Hello everyone and welcome to the 37th edition of The French Connection. As we continue to be stuck at home during this pandemic, correspondence chess and online blitz have taken over, and since the quality of online blitz chess is usually not good, I am continuing to cover correspondence games as they come to a close, and this week, I've had two games come to a close this week, and we will be covering both. Normally, in this series, we cover one game per article, but this time, like The French Connection: Volume 9, we will actually cover two games that fall in the same category. The first game we will cover an "Anti-Winawer". Yes, you read it right, an Anti-Winawer. Just when you thought it was only the Sicilian that had "Anti-" lines. There are many others as well, like the Anti-Colle, where Black brings his Bishop out before playing ...e6, or the Anti-Meran where White avoids 5.e3. The "Anti-Winawer", by definition, is any line where White does not play 4.e5 after 1.e4 e6 2.d4 d5 3.Nc3 Bb4. So this will be the first game we look at.
The second game we will see a very odd sideline. After 4.e5, Black will play 4...Ne7 instead of 4...c5 to avoid a highly theoretical line of the Semi-Winawer, namely 4...c5 5.Bd2. White still does have ways to avoid the main line. The most common are 5.Bd2 and 5.Qg4, ideas similar to the Semi-Winawer but where Black does not play an early ...c5. In the game we will be seeing, White plays a move that I will be honest, I have never seen before, is not mentioned in any book I've seen, and I own well over 20 books on the French, and in the database 365chess.com, out of 5390 games, White's reply was only played 65 times. So that will be the second game.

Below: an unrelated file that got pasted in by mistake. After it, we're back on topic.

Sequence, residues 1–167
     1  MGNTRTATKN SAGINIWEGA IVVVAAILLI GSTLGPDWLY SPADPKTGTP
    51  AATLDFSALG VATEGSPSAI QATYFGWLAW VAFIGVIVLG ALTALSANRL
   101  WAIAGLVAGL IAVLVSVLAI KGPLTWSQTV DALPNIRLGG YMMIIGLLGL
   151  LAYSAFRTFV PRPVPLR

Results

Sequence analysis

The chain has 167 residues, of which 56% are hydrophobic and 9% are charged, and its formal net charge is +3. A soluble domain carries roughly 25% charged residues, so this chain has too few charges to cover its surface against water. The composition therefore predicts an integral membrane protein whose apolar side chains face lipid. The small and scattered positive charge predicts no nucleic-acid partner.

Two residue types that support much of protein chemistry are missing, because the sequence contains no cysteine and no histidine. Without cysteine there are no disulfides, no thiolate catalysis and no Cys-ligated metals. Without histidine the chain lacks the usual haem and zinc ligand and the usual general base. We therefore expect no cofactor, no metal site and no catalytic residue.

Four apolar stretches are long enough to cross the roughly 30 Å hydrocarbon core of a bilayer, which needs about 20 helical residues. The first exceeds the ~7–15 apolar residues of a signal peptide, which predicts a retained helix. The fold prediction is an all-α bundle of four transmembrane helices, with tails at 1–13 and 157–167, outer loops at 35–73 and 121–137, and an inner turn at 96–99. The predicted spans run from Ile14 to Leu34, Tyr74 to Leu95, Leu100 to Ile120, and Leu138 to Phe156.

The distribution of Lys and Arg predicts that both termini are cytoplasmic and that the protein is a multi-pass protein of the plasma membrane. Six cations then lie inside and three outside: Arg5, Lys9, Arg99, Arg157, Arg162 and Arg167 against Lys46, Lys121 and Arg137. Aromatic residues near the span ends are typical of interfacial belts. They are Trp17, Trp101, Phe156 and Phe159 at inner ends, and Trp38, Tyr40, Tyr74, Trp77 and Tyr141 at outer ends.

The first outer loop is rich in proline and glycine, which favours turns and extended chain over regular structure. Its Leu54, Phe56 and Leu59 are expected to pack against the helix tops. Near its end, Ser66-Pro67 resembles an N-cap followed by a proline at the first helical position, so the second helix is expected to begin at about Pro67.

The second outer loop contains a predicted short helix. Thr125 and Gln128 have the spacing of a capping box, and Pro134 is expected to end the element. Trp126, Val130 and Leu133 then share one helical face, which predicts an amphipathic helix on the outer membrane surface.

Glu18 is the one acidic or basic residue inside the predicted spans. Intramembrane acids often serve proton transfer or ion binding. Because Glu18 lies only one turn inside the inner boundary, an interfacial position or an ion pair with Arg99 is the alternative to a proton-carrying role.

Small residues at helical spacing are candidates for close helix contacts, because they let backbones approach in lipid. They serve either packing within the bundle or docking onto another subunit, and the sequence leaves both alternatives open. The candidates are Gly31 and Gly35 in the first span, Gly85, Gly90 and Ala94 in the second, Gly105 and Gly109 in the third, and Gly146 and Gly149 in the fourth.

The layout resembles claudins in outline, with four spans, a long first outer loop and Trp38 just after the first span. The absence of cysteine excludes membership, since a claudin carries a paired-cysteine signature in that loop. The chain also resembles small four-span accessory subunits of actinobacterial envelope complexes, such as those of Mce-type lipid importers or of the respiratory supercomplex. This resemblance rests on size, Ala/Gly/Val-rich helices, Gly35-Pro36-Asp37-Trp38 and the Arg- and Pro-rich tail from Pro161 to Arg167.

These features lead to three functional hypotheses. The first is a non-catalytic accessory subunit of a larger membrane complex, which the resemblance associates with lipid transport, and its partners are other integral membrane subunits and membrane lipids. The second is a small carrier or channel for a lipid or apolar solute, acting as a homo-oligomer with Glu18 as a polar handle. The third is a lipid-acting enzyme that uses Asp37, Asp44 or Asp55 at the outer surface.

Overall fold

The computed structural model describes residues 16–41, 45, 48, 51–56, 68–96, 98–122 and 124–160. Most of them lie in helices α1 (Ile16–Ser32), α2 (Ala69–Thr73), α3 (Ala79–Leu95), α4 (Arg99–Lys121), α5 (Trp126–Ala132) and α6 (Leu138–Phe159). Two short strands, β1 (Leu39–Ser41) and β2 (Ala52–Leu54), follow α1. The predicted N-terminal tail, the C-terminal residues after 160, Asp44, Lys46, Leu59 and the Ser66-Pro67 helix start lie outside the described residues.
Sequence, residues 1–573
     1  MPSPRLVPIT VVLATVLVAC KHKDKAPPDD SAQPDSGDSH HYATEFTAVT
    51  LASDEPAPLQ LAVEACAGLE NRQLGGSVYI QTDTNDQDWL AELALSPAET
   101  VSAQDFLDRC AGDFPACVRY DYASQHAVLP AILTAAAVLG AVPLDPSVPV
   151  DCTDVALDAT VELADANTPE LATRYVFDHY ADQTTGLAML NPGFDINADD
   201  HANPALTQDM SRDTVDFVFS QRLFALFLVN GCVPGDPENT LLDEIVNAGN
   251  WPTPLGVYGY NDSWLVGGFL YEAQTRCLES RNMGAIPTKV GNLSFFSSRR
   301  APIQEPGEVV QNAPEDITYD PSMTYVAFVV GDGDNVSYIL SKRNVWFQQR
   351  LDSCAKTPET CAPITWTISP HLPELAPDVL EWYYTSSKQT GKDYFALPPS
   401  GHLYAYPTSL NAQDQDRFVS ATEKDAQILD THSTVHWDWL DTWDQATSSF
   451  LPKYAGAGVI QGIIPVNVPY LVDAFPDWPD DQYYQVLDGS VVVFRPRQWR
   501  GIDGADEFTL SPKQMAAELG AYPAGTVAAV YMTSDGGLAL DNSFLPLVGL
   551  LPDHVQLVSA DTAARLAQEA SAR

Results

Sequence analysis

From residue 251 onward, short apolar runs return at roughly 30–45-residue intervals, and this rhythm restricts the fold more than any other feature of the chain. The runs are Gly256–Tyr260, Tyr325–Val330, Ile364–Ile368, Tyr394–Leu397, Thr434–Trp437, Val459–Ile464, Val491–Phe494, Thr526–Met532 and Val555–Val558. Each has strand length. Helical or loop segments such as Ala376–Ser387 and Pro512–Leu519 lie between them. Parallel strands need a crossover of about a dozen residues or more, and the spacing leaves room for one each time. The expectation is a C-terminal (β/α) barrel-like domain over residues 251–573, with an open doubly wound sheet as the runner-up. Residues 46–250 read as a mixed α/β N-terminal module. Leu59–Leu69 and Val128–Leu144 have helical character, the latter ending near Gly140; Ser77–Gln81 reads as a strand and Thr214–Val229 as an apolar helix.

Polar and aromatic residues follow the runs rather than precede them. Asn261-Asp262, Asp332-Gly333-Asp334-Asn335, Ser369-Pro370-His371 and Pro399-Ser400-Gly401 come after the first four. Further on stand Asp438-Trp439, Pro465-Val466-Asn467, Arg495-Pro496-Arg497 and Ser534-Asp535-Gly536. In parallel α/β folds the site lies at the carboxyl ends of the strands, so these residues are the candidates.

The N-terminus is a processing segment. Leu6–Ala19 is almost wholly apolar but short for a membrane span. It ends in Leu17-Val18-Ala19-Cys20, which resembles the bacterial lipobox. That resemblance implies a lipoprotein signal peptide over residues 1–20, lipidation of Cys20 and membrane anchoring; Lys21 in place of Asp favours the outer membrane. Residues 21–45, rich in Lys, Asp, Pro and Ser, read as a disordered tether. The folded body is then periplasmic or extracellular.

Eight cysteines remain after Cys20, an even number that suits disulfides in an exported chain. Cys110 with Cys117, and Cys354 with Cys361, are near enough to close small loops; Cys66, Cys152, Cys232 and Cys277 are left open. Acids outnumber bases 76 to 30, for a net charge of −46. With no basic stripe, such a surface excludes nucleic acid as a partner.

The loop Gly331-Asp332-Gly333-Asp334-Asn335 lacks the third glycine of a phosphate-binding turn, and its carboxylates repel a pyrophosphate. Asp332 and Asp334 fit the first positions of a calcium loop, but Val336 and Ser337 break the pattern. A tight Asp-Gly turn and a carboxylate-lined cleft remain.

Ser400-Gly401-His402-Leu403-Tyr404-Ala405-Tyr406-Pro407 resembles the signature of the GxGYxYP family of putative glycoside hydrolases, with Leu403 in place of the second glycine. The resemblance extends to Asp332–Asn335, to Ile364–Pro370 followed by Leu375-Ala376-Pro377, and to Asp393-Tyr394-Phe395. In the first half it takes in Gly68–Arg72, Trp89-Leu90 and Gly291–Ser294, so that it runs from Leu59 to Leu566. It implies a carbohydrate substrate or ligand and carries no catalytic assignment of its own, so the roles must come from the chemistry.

Without further ado, let's take a look at the games.
Lockdown Cup 2020 - (Prelim Bracket 4)
W: Lee Edwards (Unrated)
B: Patrick McCartney (1900)
1.e4 e6 2.d4 d5 3.Nc3 Bb4 4.Bd2
This is actually called the "Fingerslip Variation". It got its name from the game Alekhine - Flohr, Nottingham 1936 where Alekhine had intended to play the Semi-Winawer via 4.e5 c5 5.Bd2, but inadvertantly played the moves in the wrong order.
The correct move here, and most popular. Other moves have been tried, such as 4...Ne7, and many responses by White will transpose to other lines, such as 5.e5 now would transpose to 4.e5 Ne7 5.Bd2, but the move 5.a3 can be a little annoying. It is hard to trust the retreat, 5...Ba5, without the center defined - White hasn't played e5 or exd5. I don't like Black's position after 6.Qf3. So Black must take on c3, and after the Bishop takes back, it may be best to then take the pawn on e4 anyway, so taking on e4 here really is the best approach.